When you're sick, your body produces stress-related hormones that help your body fight the illness, but they also can raise your blood sugar level. Changes in your appetite and normal activity also may complicate diabetes management.
Stick to your diabetes meal plan. If you can, eating as usual will help you control your blood sugar levels. Keep a supply of foods that are easy on your stomach, such as gelatin, crackers, soups and applesauce.
Drink lots of water or other fluids that don't add calories, such as tea, to make sure you stay hydrated. If you're taking insulin, you may need to sip sugar-sweetened beverages, such as juice or a sports drink, to keep your blood sugar level from dropping too low.
The liver normally releases stored sugar to counteract falling blood sugar levels. But if your liver is busy metabolizing alcohol, your blood sugar level may not get the boost it needs from your liver. Alcohol can result in low blood sugar shortly after you drink it and for as long as 24 hours afterward.
If you're stressed, the hormones your body produces in response to prolonged stress may cause a rise in your blood sugar level. Additionally, it may be harder to closely follow your usual diabetes management routine if you're under a lot of extra pressure.
This guideline provides updated global, evidence-informed recommendations on the intake of free sugars to reduce the risk of NCDs in adults and children, with a particular focus on the prevention and control of unhealthy weight gain and dental caries.
The recommendations in this guideline can be used by policy-makers and programme managers to assess current intake levels of free sugars in their countries relative to a benchmark. They can also be used to develop measures to decrease intake of free sugars, where necessary, through a range of public health interventions. Examples of such interventions and measures that are already being implemented by countries include food and nutrition labelling, consumer education, regulation of marketing of food and non-alcoholic beverages that are high in free sugars, and fiscal policies targeting foods and beverages that are high in free sugars.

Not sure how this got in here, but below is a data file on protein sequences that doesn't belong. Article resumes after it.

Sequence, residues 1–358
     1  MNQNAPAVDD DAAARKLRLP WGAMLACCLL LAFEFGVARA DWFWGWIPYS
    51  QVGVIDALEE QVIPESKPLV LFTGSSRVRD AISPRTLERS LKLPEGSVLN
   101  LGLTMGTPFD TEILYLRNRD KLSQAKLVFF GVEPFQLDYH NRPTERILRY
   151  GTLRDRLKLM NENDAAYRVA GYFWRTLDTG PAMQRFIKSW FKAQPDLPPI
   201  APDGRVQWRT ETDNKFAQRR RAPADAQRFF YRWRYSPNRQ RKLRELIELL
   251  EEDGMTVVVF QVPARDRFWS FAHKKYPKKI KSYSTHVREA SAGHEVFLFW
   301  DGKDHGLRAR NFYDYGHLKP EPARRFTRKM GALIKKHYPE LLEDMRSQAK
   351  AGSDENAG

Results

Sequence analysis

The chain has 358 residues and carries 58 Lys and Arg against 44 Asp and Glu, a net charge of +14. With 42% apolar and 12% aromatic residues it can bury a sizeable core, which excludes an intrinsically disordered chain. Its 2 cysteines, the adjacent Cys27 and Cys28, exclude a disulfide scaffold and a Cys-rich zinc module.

Diet-related diseases are among the leading causes of death in the U.S.. The typical American diet is high in sodium and added sugars, which can negatively impact health. In the U.S., more than two-thirds of adults and nearly one-third of children have overweight or obesity. About one-third of adults have high blood pressure. These conditions increase the risk for preventable illness, such as diabetes, heart disease, stroke and some cancers.
The National Salt and Sugar Reduction Initiative (NSSRI) is a partnership of organizations and health authorities from across the country (PDF), convened by the NYC Health Department. The initiative sets voluntary reduction targets for sugar and salt and asks food and beverage companies to commit to meeting them.
The NSSRI released two rounds of preliminary sugar categories and draft targets for technical comment in 2018 and 2019. In February 2021 the initiative released its targets for sugar reduction across 15 categories of foods and beverages.
After reviewing and integrating two rounds of industry comments, the initiative revised the categories and targets (PDF) and set sugar reduction targets that are gradual and achievable. Industry feedback has helped inform the categories and targets.
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Importance Epidemiologic studies have suggested that higher intake of added sugar is associated with cardiovascular disease (CVD) risk factors. Few prospective studies have examined the association of added sugar intake with CVD mortality.
Objective To examine time trends of added sugar consumption as percentage of daily calories in the United States and investigate the association of this consumption with CVD mortality.
Conclusions and Relevance Most US adults consume more added sugar than is recommended for a healthy diet. We observed a significant relationship between added sugar consumption and increased risk for CVD mortality. 781b155fdc